MPLS (Multi Protocol Layer System)
The reason of this post is same as BGP. Unanswered question in an interview. Question that should know due to my background.
Multi Protocol Layers System protocol is a generic Layer 2 packet switching protocol. It uses a mechanism that allows setting MPLS labels to data packets in order to indicate their destination. An MPLS label improves the efficiency of an IP network by helping the routers to steer a packet to its final destination over a network. MPLS can be implemented over both the IPv4 as well as the IPv6 networks. MPLS also helps in the integration of the data link layer information such as the bandwidth, latency and utilization parameters with the network layer. Since MPLS attempts to integrate layer 2 with the layer 3, it is often referred to as a “Layer 2.5 protocol”.
The Multi Protocol Label Switching (MPLS) can be used to carry a wide variety of traffic including the IP packets, ATM, SONET and Ethernet frames.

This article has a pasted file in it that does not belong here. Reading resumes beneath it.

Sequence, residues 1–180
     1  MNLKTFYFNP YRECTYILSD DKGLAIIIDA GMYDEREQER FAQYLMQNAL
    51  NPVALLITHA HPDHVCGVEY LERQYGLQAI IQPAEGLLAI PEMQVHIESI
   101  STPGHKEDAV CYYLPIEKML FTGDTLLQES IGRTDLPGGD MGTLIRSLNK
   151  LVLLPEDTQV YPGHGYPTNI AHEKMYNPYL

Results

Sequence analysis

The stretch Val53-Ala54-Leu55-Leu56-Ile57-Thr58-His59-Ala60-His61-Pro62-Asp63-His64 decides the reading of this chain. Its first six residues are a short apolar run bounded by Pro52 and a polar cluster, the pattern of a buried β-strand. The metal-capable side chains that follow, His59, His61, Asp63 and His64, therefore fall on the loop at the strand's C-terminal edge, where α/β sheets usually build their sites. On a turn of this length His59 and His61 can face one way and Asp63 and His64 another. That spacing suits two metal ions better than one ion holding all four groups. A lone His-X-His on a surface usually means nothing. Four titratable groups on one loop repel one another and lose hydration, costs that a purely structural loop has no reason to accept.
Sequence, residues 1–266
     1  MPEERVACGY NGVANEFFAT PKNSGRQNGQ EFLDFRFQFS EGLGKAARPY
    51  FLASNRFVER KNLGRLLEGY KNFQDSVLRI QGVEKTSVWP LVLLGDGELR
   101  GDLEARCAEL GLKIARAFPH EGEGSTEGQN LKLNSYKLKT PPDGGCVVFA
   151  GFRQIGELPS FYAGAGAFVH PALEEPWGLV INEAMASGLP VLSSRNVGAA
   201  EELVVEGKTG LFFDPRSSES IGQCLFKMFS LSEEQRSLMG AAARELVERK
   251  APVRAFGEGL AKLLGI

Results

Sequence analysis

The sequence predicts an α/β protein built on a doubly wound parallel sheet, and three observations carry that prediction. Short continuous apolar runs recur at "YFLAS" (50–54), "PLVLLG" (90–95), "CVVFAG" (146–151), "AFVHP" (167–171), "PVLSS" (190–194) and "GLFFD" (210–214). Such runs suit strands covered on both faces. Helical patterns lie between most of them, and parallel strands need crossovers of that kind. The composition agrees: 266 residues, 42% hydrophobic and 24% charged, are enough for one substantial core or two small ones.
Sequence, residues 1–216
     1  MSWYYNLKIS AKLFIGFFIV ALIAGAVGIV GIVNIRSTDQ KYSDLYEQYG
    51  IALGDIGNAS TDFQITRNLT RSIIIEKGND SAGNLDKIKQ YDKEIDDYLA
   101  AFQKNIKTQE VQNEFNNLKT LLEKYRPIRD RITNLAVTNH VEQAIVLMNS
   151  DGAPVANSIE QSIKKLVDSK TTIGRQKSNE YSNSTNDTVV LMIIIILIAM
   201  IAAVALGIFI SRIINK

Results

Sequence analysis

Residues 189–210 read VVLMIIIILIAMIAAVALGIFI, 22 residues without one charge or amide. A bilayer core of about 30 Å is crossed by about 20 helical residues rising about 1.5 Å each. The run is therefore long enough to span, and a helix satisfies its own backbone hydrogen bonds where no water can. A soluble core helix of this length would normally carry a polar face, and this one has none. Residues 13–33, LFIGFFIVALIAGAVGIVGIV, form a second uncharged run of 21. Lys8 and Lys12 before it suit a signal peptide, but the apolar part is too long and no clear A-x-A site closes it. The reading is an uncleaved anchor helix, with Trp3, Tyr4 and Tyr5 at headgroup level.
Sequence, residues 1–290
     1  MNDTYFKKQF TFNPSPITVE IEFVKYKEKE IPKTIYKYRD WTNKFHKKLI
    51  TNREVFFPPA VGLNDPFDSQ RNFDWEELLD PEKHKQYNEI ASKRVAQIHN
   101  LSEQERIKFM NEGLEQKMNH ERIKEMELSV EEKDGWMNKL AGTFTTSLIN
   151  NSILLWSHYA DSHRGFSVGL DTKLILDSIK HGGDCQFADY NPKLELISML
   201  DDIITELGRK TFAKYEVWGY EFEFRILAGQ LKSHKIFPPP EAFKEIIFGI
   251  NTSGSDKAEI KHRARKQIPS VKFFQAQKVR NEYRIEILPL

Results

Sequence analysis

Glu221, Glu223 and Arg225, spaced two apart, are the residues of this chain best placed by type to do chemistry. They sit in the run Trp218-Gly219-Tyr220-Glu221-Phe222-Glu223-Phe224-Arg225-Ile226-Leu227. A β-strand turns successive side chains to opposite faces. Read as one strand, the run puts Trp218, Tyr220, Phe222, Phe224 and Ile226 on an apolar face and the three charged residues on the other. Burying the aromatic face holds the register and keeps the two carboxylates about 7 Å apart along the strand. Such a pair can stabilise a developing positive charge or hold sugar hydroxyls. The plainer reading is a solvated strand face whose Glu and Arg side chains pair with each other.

MPLS works by prefixing packets with an MPLS header, containing one or more “labels”. This is called a label stack. Each label stack entry contains four fields:
- A 20-bit label value.
- A 3-bit Traffic Class field for QoS (quality of service) priority (experimental) and ECN (Explicit Congestion Notification).
- A 1-bit bottom of stack flag. If this is set, it signifies that the current label is the last in the stack
- An 8-bit TTL (time to live) field.
Possible problems whith MPLS:
At layer 3, the ISP’s must manage a routing table for each VPN and store parts of that table at every site where the VPN Is accessed.
At layer 2, resolves the scaling problem by having customers manage their own routing tables.
At layer 3, has no encryption built in. Underlying MPLS architecture poses a risk for data splills.
At layer 2, has no encryption built in. Underlying MPLS architecture poses a risk for data splills.
MPLS capabilities have expanded massively, for example to support service creation (VPNs), traffic engineering, network convergence, and increased resiliency. MPLS is now the de-facto standard for many carrier and service provider networks and its deployment scenarios continue to grow.